Sunday, 2 December 2018

Winter Maintenance in London #1

Hi everyone,
We've have now settled in at St Katharine Docks Marina in London.  Loving being back aboard Zen Again.  Also loving being in the centre of London - in the shadow of Tower Bridge.

Zen Again in the shadow of Tower Bridge
We have a lengthy list of maintenance work for this winter.  At the top was upgrading our AC mains and gas systems to meet local regulations.

Previously we attached an AC mains extension cord from the marina berth outlet to a power board which gave us several socket points and powered the battery charger.  Now we're spending so much time aboard - in winter - we need a "proper" AC mains system.  Early this year we had the boat surveyed.  One of the shortcomings noted was the lack of mains RCD and circuit breakers.  That's now fixed.

External mains power is now plugged-in just inside the companionway.  From there power is fed directly through a bulkhead into the back of the RCD/Breaker box.  The box provides one 16A and one 6A circuit.  We decided not to mount the connection outside since we wanted the box close to the inlet.

RCD and Circuit Breaker Box in companionway locker
Ready for Action
From the RCD/Breaker box the 16A circuit is fed back through the bulkhead to the galley.  The outlets there are specifically for high-current loads - kettle, hair drier and fan heater.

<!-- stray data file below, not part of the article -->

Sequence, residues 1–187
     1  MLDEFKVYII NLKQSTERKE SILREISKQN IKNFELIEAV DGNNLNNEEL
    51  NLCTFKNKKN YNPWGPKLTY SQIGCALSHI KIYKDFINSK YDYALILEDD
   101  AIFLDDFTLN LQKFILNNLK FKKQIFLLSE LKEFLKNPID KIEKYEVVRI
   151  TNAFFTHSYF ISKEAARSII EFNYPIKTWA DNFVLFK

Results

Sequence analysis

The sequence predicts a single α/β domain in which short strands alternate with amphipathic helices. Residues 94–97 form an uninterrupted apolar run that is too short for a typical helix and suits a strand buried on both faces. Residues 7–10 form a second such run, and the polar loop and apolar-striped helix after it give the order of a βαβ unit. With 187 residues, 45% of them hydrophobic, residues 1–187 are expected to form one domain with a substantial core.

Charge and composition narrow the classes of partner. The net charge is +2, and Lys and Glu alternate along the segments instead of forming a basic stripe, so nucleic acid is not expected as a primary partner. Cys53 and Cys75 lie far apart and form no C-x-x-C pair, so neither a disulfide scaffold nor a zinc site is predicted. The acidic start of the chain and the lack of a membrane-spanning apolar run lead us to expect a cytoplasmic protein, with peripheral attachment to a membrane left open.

Mains Socket and 16A Circuit Outlets
The 6A circuit runs around the boat to all regular loads.  We have one dual outlet in the quarter berth and two at the pedestal (saloon table).  Also on this circuit are six permanently mounted and connected tube heaters. Each heater has a thermostat allowing it to be turned of locally.

The quarter berth outlet powers the dehumidifier which is on more-or-less 24/7 in winter.  Excellent in keeping the damp away.  Amazing how much water it produces!

Quarterberth Outlets
The pedestal outlets are used for various purposes including running the computer we brought aboard from our flat.  The top power board shown below has been held-over from the previous arrangement.
Pedestal (Saloon Table) 6A Outlets
The tube heaters keep the boat from getting too cold while we're not aboard.  We have two in the forepeak, two in the saloon and two in the engine bay.  The latter help ensure the engine doesn't freeze.
One of the 100W Tube Heaters in Saloon
Two 40W Tube Heaters in Forepeak
One of Two 40W Tube Heaters in Engine Bay

Another item on the to-do list was our gas system.  Our regulator was severely corroded and the solenoid valve was failing.  We've been battling US POL versus UK POL fitting issues ever since we arrived in the UK.  US hoses connect to UK bottles, but the reverse is not true.  Getting any type of gas bottle filled in the UK is difficult since everyone swaps them.

For the last 18 months we've been using local Calor Gas 3.9kg bottles.  Soon after arriving at SKD we decided to change to a much larger bottle.  We now have a 13kg bottle which should last at least a month given likely use of our Dickinson gas heater.  It fits in the bracket designed for our Australian 9kg bottles.

13kg Gas Bottle in pushpit bracket
UK Regulator
Sadly the UK gas fitter was unable to fit our spare solenoid.  So now our gas detector is only that - it used to control gas flow too.

Upcoming tasks on the to-do list include new upholstery, adding laminex panelling in various locations (including the instrument panel), relocating instruments and much, much more.  May need to be a long, cold winter to get it all done!